Robert Vrijenhoek and Shannon Johnson (Monterey Bay Aquarium Research Institute), and Greg Rouse (Scripps) have recently completed research aimed at classifying 12 new lineages of Osedax worms as their very own species. Upon their 2004 discovery in Monterey Bay, geneticists classified them under the polychaete annelid family Siboglinidae. Since then, approximately 17 distinct lineages have been found, making the “Osedax as full animal kingdom citizens” movement strong.
“Why should I care”, you ask.
Say you were a whale from Monterey Bay and your time had come to go on to the great whale afterlife. You would slowly fall to rest peacefully at the bottom of the bay, far below the many tour boats filled with drunk famous people. More than likely, the bones of your former body would be munched on by the aforementioned Osedax worms. And not so much “munched on” as dissolved and absorbed by these mouth-less, gut-less, and anus-less worms.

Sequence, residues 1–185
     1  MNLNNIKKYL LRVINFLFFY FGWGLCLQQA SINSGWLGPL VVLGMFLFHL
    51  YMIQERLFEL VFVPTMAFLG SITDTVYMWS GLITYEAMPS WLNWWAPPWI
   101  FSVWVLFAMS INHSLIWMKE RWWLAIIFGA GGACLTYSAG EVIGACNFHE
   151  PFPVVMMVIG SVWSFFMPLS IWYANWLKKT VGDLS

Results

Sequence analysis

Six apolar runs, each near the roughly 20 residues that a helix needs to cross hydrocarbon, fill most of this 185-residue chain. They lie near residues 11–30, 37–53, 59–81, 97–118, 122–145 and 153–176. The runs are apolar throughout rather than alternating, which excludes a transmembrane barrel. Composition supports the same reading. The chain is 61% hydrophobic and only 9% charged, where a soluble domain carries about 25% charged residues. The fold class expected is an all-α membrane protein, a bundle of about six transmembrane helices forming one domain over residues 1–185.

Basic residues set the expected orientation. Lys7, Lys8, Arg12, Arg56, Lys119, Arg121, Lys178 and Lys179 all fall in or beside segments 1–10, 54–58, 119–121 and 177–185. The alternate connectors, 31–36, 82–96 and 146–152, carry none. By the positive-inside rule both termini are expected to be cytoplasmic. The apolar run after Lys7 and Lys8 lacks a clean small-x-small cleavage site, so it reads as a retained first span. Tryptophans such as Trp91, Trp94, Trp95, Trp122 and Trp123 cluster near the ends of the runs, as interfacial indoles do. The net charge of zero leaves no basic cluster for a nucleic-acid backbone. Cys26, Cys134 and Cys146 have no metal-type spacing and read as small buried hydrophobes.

If that’s not bizarre enough: they also exhibit bizzarrer sexual habits. The much smaller males gather in groups of 50-100 to live inside some lucky female. The males never mature past the larval stage, yet are able to be fertilizers.
That’s why you should care.
It appears that before these fascinating new Osedax worms are finally treated like the unique species they are, more research will have to be done. Fossils to be examined, evolutionarily ages to be determined, yadda yadda.
Stay strong, Osedax. You’re day will come.
Some great bone eatin’ photos from the Moneteray Bay Aquarium Research Institute below the fold.
The traditional Thanksgiving Whale Bone:
More bone crunching:
A lovely lady worm and her harem of larvae men:
They make the perfect pet.